An interesting issue is developing in the courts that will have broad application in Arkansas — it is whether public officials can block their critics from social media pages.

That energetic gadfly, Russ Racop, a candidate for Little Rock City Board, shared with City Attorney Tom Carpenter a relevant article from Slate on the subject.


It notes that the Knight Foundation is suing Donald Trump for blocking users from his Twitter account, which is demonstrably a central part of his governance.

Case law is developing. In Virginia, a federal judge has ruled that the First Amendment’s Free Speech Clause prohibits officeholders from blocking social media users on the basis of their views. This was in the case of a county officeholder who blocked someone  from her Facebook page for criticism of other elected officials. The judge wrote:


Defendant’s offense at Plaintiff’s views was therefore an illegitimate basis for her actions—particularly given that Plaintiff earned Defendant’s ire by criticizing the County government. Indeed, the suppression of critical commentary regarding elected officials is the quintessential form of viewpoint discrimination against which the First Amendment guards. By prohibiting Plaintiff from participating in her online forum because she took offense at his claim that her colleagues in the County government had acted unethically, Defendant committed a cardinal sin under the First Amendment.

The same plaintiff has been allowed to proceed with a similar case against the local prosecuting attorney.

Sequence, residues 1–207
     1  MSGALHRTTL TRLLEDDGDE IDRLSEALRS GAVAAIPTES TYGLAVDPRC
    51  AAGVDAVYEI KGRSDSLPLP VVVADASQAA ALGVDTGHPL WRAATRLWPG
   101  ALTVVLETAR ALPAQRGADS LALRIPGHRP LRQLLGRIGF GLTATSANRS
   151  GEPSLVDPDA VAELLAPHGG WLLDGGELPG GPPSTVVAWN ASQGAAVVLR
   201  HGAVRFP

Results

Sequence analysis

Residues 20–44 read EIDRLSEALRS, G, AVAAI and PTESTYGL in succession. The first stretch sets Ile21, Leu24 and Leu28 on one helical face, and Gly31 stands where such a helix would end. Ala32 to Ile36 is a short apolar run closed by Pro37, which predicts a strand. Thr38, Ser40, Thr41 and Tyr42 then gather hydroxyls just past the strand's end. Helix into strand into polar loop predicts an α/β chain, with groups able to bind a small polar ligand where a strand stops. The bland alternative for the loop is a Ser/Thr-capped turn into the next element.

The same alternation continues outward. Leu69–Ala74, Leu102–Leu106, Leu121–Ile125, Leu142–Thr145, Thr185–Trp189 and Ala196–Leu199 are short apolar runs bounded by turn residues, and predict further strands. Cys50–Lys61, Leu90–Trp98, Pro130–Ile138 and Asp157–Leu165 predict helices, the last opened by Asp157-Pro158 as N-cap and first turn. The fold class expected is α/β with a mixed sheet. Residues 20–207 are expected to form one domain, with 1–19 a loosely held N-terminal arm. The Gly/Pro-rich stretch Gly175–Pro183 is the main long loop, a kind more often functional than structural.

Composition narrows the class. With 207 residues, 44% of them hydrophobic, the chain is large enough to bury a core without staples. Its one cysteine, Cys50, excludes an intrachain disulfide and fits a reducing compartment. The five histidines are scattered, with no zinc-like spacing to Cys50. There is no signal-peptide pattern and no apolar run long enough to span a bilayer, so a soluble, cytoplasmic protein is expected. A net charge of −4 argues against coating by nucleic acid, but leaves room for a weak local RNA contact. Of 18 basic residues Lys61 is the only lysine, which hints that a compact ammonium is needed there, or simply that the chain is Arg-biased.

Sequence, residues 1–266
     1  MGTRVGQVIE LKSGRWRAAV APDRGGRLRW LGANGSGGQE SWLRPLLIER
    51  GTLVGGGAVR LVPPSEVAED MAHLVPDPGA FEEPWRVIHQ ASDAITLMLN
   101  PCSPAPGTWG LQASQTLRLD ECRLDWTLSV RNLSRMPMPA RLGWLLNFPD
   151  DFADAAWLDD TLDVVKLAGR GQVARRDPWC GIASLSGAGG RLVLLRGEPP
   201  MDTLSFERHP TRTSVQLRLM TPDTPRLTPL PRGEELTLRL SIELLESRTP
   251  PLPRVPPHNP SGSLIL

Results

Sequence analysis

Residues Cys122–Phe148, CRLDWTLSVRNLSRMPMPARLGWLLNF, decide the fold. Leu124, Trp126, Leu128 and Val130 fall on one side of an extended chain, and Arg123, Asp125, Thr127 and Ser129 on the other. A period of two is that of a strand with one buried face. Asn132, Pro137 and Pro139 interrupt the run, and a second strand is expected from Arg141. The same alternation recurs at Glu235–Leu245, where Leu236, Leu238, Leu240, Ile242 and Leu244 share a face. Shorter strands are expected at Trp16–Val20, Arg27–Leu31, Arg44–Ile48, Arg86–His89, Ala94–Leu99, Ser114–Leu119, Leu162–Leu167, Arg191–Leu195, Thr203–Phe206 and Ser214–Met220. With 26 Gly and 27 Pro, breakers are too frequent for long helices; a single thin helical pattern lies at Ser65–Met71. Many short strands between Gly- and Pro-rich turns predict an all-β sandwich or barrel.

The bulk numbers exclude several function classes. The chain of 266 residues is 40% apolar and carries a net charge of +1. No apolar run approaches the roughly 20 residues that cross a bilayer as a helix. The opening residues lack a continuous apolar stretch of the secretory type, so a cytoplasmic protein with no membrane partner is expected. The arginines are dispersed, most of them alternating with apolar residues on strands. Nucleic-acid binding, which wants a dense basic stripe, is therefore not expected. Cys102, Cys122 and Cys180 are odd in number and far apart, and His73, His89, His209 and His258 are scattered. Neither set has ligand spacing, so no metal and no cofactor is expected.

The county official in the first case said the plaintiff had other outlets. But the judge said social media may now be the most important forum for exchange of views. Newspapers? What’s that?


City Attorney Tom Carpenter said he intended to review the case submitted by Russ Racop, who’s been blocked by Little Rock Police Chief Kenton Buckner. He is by no means alone.

State Sen. Jason Rapert is famous for blocking people from his Facebook and Twitter accounts and, while it’s unclear this is a necessary element of a successful lawsuit, state expense records indicate he’s used state money in the past to defray expenses of his office from which he’s undoubtedly done social media work to communicate with constituents.

 Many Republican legislators block me from their Twitter posts and I suspect I’m not alone. Jeff Long blocked the Arkansas Blog from seeing his Twitter account when he was University of Arkansas athletic director. A state agency director blocked me for a time, but seems to have relented.

Bumptious former Republican legislator Nate Bell has made it something of a point of pride to get blocked by people he criticizes on social media. He yearns still for the big prize, a block from @realdonaldtrump.


If someone does sue in Arkansas — and such a lawsuit appears to be in the works (a Go Fund Me account to finance a suit against Rapert) — I’d advise them to go to federal court.

Those who’ve blocked me include Supreme Court Associate Justice Rhonda Wood. She tired of reading my remarks about the support she’d developed among Republicans and the nursing home industry. She relented recently, but I wouldn’t look to her or fellow Republican travelers on the court to pen a ruling that said a practice in which she’d once engaged was unconstitutional.

And take Mike Huckabee, please. His blocking of me on Twitter, though clearly within his rights as a private citizen now, reminds of another larger issue: It’s a decision by public officials to refuse routine taxpayer-funded services, such as responding to press calls from and issuing news releases to, media they don’t like. Huckabee banned the Arkansas Times when he was governor, wouldn’t even send us news releases sent to anyone else who asked. Sen. Tom Cotton has likewise refused services provided others by his press office. First Amendment and equal protection arguments seem worthy here, too.

Happily many around the country don’t intend to go gently into the dark night that such politicians prefer.